If asked to name Scotland’s two biggest multi-cultural arts festivals, chances are you’d remember the world-famous one in Edinburgh, but a second? Until about this time last year, I know I’d have been totally clueless. But that’s when I web-stumbled my way onto the site of Glasgow’s annual six-week-long West End Festival (only just now over). Its calendar was crammed with hundreds of events, but what really caught my eye was a piece of it called the Cottier Chamber Project, two-plus weeks of short (90 minutes or so), no-interval, classical music presentations by small ensembles.
Most of its programs are held in Cottier’s Theatre, a reconfigured church that now includes a fine-dining restaurant and a spacious pub in addition to the recital hall. The Chamber Project employs cabaret-style open seating, patrons being free to arrange chair-and-table clusters ad lib in order to suit themselves and their needs (read, drinks), so I was pretty sure the setup would result in performances being badly marred by noise from multiple sources.
I couldn’t have been more wrong. Turns out audiences at Cottier’s go there to give themselves to, become one with, the music. So rapt is the attention paid, it’s as if the mass of attendees simply coalesced into a single symbiotic listening entity to counterbalance and complement the unity of the players on stage. No aggressive coughing, no clinking of glassware, no grating of chairs, just total concentration, hence utter bliss.
Of course if the Project continues to encourage and attract larger crowds, which we hope it will, and if programs are to continue being held in Cottier’s limited existing space, which we also hope it will, such informality will have to yield to more organized seating arrangements—a sad but necessary sacrifice in the interest of growing the live performance of chamber music. I count myself lucky to have been in Cottier’s cabaret.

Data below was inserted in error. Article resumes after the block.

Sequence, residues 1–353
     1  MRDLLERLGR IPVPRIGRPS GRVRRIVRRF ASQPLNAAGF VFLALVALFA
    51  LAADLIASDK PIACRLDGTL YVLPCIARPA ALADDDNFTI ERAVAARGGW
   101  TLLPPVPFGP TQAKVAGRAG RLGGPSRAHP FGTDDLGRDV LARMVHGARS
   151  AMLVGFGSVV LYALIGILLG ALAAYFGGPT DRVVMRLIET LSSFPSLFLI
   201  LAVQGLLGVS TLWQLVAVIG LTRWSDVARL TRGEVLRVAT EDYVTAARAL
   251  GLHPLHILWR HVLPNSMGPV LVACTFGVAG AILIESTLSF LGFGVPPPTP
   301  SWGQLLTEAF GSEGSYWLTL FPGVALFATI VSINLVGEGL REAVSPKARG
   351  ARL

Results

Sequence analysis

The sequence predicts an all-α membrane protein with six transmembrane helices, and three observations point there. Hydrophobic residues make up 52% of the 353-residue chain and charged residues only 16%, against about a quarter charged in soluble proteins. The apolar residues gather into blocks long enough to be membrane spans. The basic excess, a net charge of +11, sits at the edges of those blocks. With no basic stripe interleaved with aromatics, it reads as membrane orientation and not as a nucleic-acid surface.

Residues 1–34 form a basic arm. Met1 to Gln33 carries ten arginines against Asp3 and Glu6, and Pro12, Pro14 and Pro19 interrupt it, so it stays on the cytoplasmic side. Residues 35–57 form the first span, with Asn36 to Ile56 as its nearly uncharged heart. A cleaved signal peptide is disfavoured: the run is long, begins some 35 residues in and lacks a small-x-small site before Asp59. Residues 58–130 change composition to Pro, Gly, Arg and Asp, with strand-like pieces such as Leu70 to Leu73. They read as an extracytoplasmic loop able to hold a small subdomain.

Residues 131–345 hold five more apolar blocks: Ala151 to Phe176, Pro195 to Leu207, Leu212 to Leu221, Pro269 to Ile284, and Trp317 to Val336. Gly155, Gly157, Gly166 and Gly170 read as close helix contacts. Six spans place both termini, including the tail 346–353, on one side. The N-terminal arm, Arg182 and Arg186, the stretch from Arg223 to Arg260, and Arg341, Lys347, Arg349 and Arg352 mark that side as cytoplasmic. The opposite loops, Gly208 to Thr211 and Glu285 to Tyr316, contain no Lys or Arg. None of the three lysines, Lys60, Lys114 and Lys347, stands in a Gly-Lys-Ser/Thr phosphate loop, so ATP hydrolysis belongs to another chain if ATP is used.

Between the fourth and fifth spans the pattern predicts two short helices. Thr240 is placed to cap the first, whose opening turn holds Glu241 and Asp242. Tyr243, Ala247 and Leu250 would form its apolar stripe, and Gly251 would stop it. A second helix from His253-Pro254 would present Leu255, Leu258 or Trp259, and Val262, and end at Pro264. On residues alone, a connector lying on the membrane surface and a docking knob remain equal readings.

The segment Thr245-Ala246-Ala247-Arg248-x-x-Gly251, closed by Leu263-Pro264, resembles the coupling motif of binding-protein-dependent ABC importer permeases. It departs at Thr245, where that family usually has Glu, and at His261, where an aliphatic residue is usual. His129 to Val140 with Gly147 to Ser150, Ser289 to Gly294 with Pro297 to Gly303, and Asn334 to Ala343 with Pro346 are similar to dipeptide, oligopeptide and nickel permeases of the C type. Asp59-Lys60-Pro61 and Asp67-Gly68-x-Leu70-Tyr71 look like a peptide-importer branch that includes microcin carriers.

The Project’s range of musical genres was considerable. Although some programs were devoted to single composers or periods, an overall balance was achieved, often by placing sharply contrasting offerings side by side (e.g., pairing 17th century “ayres” by Scotsman Tobias Hume at 6:30 with Shostakovich songs and a semi-staged mini-opera at 8:30). Atmospheric diversity was also generated by the use of other venues (e.g., St. Silas Church and University of Glasgow’s Hunterian Gallery).
Remarking only on the music I heard would exceed the uses of this commentary, but from first to last, from opening night’s Martinu and Dohnanyi to my finale’s Schubert string quintet, soloists and ensembles were consistently of the highest quality, but I have to single out for special mention pianist Alasdair Beaton and violinist Catherine Manson’s utterly definitive readings of the five Beethoven sonatas they presented, and I must thank Project director Andy Saunders for both his cordial attentiveness and his technical and interpretive horn artistry.
IN LONDON, it was pretty much “business as usual” there, except for slightly fewer plays and a bit more music. Among the plays, the National Theatre (Olivier) production of Shakespeare’s King Lear with Simon Russell Beale claims a Matterhorn splendor, rising with a towering assurance of its eminence. Director Sam Mendes succeeds, where so many have failed, in making sense of the seemingly absurd frivolity of Lear’s means of disposing of his kingdom among his daughters, and Beale delivers the ultimatum with persuasive conceit. Once this beachhead is secure, the downward spiral of casualties spawned by an ill-planned adventure play out with terrible and inevitable probability.
Also at the Olivier, Alan Ayckbourn’s 1987 darkly comic look at corruption’s lure, A Small Family Business, seemed somehow too small an idea to occupy the vast stage. Clever in its own lesser way and convincing enough in its progressive tracking of consequences, it ends in an ambiguity that lacks inferential thematic force and carries no cathartic moment of revelation.
David Hare’s 1995 Skylight, now playing at Wyndham’s, seems as fresh and relevant as it must have twenty years ago. That’s both because Hare’s script confronts issues that aren’t going to quit dogging humanity anytime soon, and because Bill Nighy and Carey Mulligan make so well-matched a pair of dedicated adversaries. Like Ayckbourn’s play, this one ends with no real resolution of its core conflict (which by nature can’t be resolved), but Skylight leaves you feeling, in part through its bouncier framing scenes, that hope’s not dead, goodness is still in the fight.